Project Kesher: Women and Jewish Renaissance in
Ukraine – Photographs by Joan Roth
One West 4th Street, New York, NY
On View: September 4, 2007 - January 27, 2008
Artist's Reception: Thursday, October 11, 2007, 6:00-8:00 PM.
Vodka tasting 6:30 PM, Program 7:00 PM
Click here to RSVP
Internationally acclaimed photographer Joan Roth presents her most recent body of work: her 2007 photo essay portraying Jewish women in the Commonwealth of Independent States of the Former Soviet Union (CIS) who are reclaiming their Jewish heritage and promoting social activism through the work of Project Kesher. Roth's photographs capture the empowerment of ordinary women who are creating extraordinary change in their own lives and in the lives of their communities. Through Project Kesher, these women have gained the knowledge and leadership skills to advance Jewish learning and tackle health and social ills, including breast cancer, HIV/AIDS, domestic violence, and human trafficking, affecting the larger society.
"I have been photographing Jewish women around the world for many years," says Joan Roth. "This experience was exceptionally moving for me because it was about women seeing themselves in a new light. This time I wasn't going back to the old world; I was seeing into a new world. Project Kesher women are enriched and empowered in ways I hadn't dreamed."
This exhibition grows out of Joan Roth's longstanding commitment to the mission and goals of Project Kesher. In 1994, she documented Project Kesher's first International Conference of Jewish Women in Kyiv, Ukraine, which was the catalyst for the creation of a women's network throughout the Commonwealth of Independent States of the former Soviet Union (CIS). In 2006, she returned during 16 Days to End Domestic Violence, a worldwide campaign that Project Kesher leaders implemented throughout the CIS, convening roundtables, organizing rallies, establishing hotlines, and spotlighting this issue in public discussions and in schoolrooms. Traveling to the cities of Rovno, Lvyv, Lutsk, Kamenets-Podolskiy, Khmelnitskiy, and Kyiv in Ukraine, Roth met with Project Kesher activists and their local partners, to capture their lives and activism on film.
Founded in 1989, Project Kesher is now the largest Jewish women's organization in the CIS and one of the fastest growing women's advocacy and human rights organizations in the region. There are Project Kesher Women's Groups in more than 155 communities spanning 8 time zones and multi-faith/multi-national women's coalitions in 87 of those communities. There are Project Kesher Women's Groups in Ukraine, Russia, Belarus, Moldova, Georgia, and Kazakhstan. In Ukraine alone, there are groups in 61 towns and cities.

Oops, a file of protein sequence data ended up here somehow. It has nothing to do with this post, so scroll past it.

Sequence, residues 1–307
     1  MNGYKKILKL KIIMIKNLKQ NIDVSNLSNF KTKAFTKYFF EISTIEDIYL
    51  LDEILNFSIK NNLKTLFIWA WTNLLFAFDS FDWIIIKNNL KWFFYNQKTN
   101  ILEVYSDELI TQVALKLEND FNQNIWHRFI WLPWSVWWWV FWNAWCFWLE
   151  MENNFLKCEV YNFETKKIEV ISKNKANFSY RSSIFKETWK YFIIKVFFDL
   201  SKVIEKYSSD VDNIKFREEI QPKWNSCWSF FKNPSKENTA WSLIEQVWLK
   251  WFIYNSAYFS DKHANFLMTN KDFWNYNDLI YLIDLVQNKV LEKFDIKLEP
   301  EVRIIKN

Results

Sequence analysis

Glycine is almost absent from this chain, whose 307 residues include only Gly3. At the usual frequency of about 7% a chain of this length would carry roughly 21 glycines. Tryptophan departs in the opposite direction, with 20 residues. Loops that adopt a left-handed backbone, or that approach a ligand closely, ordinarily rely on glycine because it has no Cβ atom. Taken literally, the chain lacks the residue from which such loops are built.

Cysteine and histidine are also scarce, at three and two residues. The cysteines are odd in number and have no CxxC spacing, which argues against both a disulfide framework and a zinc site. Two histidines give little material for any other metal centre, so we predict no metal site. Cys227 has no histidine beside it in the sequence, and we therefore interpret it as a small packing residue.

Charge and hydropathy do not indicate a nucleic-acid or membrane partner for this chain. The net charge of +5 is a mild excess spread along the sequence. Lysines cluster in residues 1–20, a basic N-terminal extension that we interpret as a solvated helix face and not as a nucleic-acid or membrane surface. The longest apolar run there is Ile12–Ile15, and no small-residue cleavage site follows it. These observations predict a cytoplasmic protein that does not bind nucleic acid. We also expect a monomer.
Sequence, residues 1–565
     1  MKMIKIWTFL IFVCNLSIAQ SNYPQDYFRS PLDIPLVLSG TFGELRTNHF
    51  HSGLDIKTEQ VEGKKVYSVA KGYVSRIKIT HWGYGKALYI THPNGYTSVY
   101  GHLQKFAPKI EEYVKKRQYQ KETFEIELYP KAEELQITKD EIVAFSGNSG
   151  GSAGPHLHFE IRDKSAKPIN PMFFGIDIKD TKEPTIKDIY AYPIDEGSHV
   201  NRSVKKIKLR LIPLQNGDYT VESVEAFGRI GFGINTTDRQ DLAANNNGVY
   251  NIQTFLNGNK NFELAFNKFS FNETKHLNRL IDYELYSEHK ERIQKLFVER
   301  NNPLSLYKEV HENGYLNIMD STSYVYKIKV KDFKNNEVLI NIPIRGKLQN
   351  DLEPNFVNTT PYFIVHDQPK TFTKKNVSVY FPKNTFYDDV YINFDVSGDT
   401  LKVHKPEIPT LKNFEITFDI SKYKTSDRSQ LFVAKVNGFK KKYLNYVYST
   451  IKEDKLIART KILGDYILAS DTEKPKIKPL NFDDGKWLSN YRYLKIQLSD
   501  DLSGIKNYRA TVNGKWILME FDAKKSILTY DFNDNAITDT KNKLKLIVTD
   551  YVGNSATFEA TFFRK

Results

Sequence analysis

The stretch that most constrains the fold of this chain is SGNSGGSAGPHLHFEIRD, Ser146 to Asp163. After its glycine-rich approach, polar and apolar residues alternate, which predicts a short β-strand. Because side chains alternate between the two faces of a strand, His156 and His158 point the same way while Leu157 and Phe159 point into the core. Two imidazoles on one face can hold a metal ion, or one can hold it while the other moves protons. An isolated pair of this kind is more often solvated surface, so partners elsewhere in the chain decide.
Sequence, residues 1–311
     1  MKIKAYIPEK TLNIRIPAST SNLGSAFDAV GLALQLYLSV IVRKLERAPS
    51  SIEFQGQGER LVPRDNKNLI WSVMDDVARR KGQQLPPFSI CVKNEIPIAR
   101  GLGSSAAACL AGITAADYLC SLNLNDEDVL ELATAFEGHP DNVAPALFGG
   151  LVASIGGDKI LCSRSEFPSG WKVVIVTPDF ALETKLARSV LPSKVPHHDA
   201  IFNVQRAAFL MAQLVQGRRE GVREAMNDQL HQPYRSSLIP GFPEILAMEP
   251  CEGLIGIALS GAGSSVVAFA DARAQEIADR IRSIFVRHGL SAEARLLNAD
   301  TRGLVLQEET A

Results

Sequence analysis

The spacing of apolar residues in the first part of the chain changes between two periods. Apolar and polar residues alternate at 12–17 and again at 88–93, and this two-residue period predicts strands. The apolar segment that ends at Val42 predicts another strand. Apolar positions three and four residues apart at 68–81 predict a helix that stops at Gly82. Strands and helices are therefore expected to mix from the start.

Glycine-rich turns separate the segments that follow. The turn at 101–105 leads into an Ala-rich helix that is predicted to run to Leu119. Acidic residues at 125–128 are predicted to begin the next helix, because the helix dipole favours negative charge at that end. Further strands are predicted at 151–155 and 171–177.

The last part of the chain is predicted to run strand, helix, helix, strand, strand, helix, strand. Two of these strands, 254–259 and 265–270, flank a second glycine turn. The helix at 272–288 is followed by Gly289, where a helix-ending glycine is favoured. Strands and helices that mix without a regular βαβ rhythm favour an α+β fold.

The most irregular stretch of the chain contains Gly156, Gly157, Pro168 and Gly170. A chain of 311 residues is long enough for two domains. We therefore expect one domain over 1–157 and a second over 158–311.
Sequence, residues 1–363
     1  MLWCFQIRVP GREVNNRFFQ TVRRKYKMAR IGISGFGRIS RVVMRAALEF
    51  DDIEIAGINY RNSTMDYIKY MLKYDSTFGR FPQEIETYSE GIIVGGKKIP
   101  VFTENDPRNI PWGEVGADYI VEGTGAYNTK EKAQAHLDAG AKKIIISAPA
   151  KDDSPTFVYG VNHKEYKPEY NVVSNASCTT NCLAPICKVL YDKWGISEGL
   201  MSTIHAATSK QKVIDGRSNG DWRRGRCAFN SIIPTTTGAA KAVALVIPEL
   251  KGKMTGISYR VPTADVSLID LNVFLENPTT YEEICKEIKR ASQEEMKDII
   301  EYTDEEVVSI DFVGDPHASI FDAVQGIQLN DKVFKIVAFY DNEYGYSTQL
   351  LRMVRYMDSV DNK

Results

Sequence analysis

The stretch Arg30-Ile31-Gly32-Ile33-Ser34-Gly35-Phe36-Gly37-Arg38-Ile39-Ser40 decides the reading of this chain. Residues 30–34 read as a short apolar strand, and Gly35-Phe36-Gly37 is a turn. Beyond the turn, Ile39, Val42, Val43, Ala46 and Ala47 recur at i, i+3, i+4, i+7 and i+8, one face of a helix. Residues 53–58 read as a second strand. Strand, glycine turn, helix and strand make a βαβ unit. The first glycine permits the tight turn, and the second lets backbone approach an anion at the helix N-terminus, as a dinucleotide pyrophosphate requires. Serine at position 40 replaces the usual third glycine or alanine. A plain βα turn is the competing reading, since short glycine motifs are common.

Project Kesher programs give CIS Jews the opportunity to reclaim their Jewish heritage and to discover the power of community activism. Starting with a base in the Jewish community, Project Kesher builds coalitions with people of all faiths and ethnic backgrounds in an activist network to improve their society. Project Kesher provides innovative leadership training programs for women and girls; job training at ORT/Keshernet Computer Centers; Jewish educational programs; and social activist programming that combats domestic violence, human trafficking, anti-Semitism, and other forms of ethnic intolerance.
The exhibition also includes drawings by artist Susan Malloy, who participated in Project Kesher's 2007 "Summit on the Black Sea." Malloy's sketches depict highlights of the interaction between Jewish women from North America and Ukraine on behalf of education, spiritual growth, and social action.
This exhibition has been made possible through the generosity of the Reba Judith Sandler Foundation.
Museum Hours: Monday-Thursday, 9 AM - 5 PM; Friday, 9 AM - 3 PM; Selected Sundays, 10 AM - 2 PM on September 30; October 14, 28; November 11; December 2, 16; January 13, 27.
Admission: Free. Photo ID Required.
Tours/Information: Contact Elizabeth McNamara Mueller, National Public Affairs Associate at (212) 824-2205, firstname.lastname@example.org, or visit www.huc.edu/museums/ny
Founded in 1875, Hebrew Union College–Jewish Institute of Religion is the nation’s oldest institution of higher Jewish education and the academic, spiritual, and professional leadership development center of Reform Judaism. HUC-JIR educates men and women for service to American and world Jewry as rabbis, cantors, educators, and nonprofit management professionals, and offers graduate programs to scholars and clergy of all faiths. With centers of learning in Cincinnati, Jerusalem, Los Angeles, and New York, HUC-JIR’s scholarly resources comprise the renowned Klau Library, The Jacob Rader Marcus Center of the American Jewish Archives, research institutes and centers, and academic publications. In partnership with the Union for Reform Judaism and the Central Conference of American Rabbis, HUC-JIR sustains the Reform Movement’s congregations and professional and lay leaders. HUC-JIR’s campuses invite the community to cultural and educational programs illuminating Jewish history, identity, art, and archaeology, and fostering interfaith and multiethnic understanding.